— More than 154,000 people in Hawaii care for parents, spouses or other loved ones, helping them to live independently in their own homes. These family caregivers have a huge responsibility, and on July 1, a new law takes effect that will make life a little easier for them. The CARE (Caregiver Advise, Record, Enable) Act helps family caregivers when their loved ones go into the hospital and as they transition home. The CARE Act requires Hawaii’s acute care hospitals to: …

— AARP Hawaii is accepting nominations for its 2017 Andrus Award for Community Service, which honors Hawaii residents, 50 and older, who are sharing their experience, talent, and skills to enrich the lives of their community members. “AARP Hawaii is excited to shine a light on 50+ Hawaii residents who are using what they’ve learned in life to make a difference in the lives around them,” said Jackie Boland, Community Outreach Director for AARP Hawaii. A volunteer committee will evaluate the …

— When former U.S. Sen. Daniel Kahikina Akaka presented his namesake award for outstanding service to seniors to AARP Hawaii, State Director Barbara Kim Stanton made sure to credit AARP’s volunteers and supporters. She insisted on a group picture with the volunteers in red shirts and supporters in the state Legislature. “This award is clearly a tribute to our volunteers as they are critical to AARP Hawaii’s success in all areas,” Stanton said as Sen. Akaka presented the award during Kupuna …

— AARP volunteer speakers are fanning out across Oahu and Hawaii island this week to talk about financial issues ranging from fraud to social security and preparing for retirement. It’s part of the Hawaii Public Library’s Money Smart Week, an annual event promoting financial literacy. Every year the public libraries work with AARP’s Speakers Bureau to find speakers for community meetings at the library. AARP speakers are available to talk on a variety of topics from fraud prevention and retirement strategy …

— AARP Hawaii is encouraging members to participate in island traditions to honor our veterans. On Oahu, AARP volunteers will be helping with Girl Scout’s “Lei of Aloha” project to make 10,000 lei to decorate the graves at the Hawaii State Veterans Cemetery in Kaneohe and on Maui, members are encouraged to donate flowers or help make lei for the county’s annual “Blossoms for the Brave” lei-making effort on May 26. The Girl Scouts will be collecting flower donations and making …

— AARP Hawaii advocacy volunteers from across the state descended on the state Capitol Tuesday to talk with lawmakers about AARP Hawaii’s legislative priorities for the 2017 session. The volunteers, dressed in red AARP shirts, hosted a coffee hour for lawmakers and their staff, then fanned out in groups to speak with key representatives and senators in the afternoon. AARP Hawaii’s legislative priorities this session are to pass a resolution to create a task group to come up with ways to …

— AARP Hawaii is seeking nominations for the 2016 Andrus Award for Community Service, which honors individuals who give of their experience, talent, and skills in making valuable contributions to the community. The award reflects the spirit of AARP founder Ethel Percy Andrus, whose motto “to serve, not to be served” continues to shape our work 56 years after she founded AARP to help older Americans age with dignity and purpose. Nominations are open to any Hawaii volunteer age 50 or …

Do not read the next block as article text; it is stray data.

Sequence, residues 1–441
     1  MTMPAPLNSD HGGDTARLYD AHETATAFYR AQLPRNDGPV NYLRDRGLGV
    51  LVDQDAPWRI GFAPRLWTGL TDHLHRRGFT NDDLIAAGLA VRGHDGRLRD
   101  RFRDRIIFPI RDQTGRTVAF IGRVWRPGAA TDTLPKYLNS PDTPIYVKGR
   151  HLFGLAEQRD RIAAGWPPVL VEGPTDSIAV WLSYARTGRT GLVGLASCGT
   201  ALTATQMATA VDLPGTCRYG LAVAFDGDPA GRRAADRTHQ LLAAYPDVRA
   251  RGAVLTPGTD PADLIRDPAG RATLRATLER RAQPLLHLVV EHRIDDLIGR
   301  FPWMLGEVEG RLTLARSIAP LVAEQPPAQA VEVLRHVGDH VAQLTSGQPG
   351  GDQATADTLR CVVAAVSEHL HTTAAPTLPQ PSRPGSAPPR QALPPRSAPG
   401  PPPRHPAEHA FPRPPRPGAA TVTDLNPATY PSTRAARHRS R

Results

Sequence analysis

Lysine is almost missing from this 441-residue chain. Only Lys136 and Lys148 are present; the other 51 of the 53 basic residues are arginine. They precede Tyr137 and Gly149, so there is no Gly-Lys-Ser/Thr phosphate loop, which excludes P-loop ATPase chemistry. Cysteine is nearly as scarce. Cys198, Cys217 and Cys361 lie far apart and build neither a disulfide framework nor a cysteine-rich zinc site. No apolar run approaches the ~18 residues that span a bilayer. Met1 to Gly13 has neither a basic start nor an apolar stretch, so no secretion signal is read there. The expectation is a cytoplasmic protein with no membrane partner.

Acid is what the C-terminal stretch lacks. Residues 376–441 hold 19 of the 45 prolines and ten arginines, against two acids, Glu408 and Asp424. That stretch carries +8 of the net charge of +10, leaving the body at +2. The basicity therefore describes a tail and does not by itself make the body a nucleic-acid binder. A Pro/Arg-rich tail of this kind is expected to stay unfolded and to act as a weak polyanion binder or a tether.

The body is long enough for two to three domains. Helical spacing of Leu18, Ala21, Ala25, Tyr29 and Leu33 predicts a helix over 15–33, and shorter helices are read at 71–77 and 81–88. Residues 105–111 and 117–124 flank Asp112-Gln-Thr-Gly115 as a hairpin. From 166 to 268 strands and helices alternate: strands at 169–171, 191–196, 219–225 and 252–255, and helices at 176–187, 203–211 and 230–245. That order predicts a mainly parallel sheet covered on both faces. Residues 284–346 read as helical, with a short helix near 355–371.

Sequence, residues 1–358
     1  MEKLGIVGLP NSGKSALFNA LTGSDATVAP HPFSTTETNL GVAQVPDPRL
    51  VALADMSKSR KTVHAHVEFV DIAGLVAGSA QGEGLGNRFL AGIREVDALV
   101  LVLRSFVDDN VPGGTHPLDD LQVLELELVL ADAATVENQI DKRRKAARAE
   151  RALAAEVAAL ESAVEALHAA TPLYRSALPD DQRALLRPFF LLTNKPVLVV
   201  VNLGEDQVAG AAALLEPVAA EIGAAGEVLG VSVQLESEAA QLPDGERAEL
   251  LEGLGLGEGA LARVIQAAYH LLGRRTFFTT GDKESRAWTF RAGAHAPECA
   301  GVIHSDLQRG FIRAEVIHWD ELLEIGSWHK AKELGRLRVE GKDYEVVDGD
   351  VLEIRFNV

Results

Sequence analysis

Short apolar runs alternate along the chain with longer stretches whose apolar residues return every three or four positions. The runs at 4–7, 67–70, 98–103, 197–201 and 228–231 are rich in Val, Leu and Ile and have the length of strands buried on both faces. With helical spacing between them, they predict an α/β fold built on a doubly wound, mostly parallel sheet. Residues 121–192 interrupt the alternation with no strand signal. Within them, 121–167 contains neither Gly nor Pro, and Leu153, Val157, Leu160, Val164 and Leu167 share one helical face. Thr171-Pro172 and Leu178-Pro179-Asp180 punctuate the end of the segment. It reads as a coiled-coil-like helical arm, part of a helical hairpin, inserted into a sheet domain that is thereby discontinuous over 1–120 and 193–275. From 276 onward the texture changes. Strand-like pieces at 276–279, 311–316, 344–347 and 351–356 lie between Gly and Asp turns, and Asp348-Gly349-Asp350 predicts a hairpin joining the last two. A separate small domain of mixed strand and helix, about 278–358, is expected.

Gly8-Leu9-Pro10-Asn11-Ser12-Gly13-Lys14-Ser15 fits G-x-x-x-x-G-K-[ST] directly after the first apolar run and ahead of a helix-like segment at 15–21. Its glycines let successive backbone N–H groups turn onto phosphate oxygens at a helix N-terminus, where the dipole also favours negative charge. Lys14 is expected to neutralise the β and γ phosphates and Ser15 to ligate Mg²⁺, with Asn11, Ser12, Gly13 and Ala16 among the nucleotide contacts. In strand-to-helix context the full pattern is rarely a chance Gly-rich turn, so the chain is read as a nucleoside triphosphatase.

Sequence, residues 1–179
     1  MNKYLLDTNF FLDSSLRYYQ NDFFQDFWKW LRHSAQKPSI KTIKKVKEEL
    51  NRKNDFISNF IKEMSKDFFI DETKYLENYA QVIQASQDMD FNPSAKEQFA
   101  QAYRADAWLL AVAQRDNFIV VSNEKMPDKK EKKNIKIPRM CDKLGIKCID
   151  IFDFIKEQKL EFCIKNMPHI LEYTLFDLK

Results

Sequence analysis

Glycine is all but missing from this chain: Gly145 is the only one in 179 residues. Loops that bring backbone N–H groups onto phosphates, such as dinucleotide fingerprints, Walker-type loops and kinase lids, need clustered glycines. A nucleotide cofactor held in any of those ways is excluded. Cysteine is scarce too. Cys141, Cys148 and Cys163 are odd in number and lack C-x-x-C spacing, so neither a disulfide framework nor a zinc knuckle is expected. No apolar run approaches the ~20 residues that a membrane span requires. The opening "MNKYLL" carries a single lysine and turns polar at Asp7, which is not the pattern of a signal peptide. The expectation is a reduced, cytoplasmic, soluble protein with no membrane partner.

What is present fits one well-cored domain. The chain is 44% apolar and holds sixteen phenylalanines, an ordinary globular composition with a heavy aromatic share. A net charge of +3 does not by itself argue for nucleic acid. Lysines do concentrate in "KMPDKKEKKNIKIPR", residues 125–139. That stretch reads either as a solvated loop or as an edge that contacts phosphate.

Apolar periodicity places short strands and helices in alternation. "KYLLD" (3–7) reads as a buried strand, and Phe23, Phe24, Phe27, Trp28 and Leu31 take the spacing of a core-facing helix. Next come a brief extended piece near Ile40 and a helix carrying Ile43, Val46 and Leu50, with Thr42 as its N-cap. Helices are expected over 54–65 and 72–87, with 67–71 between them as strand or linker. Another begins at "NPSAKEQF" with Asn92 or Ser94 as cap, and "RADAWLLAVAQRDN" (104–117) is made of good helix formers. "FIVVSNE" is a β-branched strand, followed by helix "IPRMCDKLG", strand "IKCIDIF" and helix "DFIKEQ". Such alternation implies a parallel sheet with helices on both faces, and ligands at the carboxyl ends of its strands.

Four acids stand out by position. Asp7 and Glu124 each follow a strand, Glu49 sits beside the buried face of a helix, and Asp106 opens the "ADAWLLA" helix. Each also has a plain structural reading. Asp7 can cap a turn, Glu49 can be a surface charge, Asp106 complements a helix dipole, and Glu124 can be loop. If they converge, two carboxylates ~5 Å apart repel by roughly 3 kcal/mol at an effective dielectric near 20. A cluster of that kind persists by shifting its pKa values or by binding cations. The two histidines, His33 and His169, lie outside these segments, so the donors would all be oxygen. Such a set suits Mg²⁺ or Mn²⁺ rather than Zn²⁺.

— Honolulu resident Barbara Service was presented with AARP Hawaii’s 2015 Andrus Award for Community Service at a volunteer recognition event on November 18. Service, whose last name exemplifies her commitment to community service, is a long-time advocacy volunteer on AARP’s priority issues in Hawaii, and serves as the president of Chapter 60. She is also related to Ethel Percy Andrus (1884-1967) the founder of AARP. As her great aunt did decades ago, Service personifies AARP’s motto: “To serve, not to …

— As the 2016 legislative session approaches, AARP Hawaii is building support for legislation that would help family caregivers when a loved one returns from a hospital stay. About 154,000 Hawaii residents are family caregivers whose unpaid services—valued at more than $2 billion a year—make it possible for adult loved ones to live at home instead of in costly nursing homes. The proposed legislation would allow every hospital patient to designate a family caregiver. The hospital would inform the caregiver about …

— Advocates intent on passing legislation supporting Hawaii’s family caregivers presented their case before the Legislative Family Caregivers Working Group at the state Capitol on September 10. The meeting was apparently the only chance advocates will have to directly address the Working Group on why the CARE Act is needed in Hawaii. Leading the caregiver advocates were AARP Hawaii State President Gerry Silva and Executive Council Member Audrey Suga-Nakagawa. Two family caregivers and a care recipient described personal experiences that would …

— Advocates supporting proposed legislation that would require hospitals to offer to instruct family caregivers in after-care tasks needed to be performed after discharge turned out for the Legislative Family Caregivers Working Group meeting on August 20 at the state Capitol. The Caregiver Working Group heard from the directors of state and county elderly affairs offices on the role of Aging and Disability Resource Centers and other community organizations in helping caregivers and their families. Hospitals opposing the CARE Act legislation …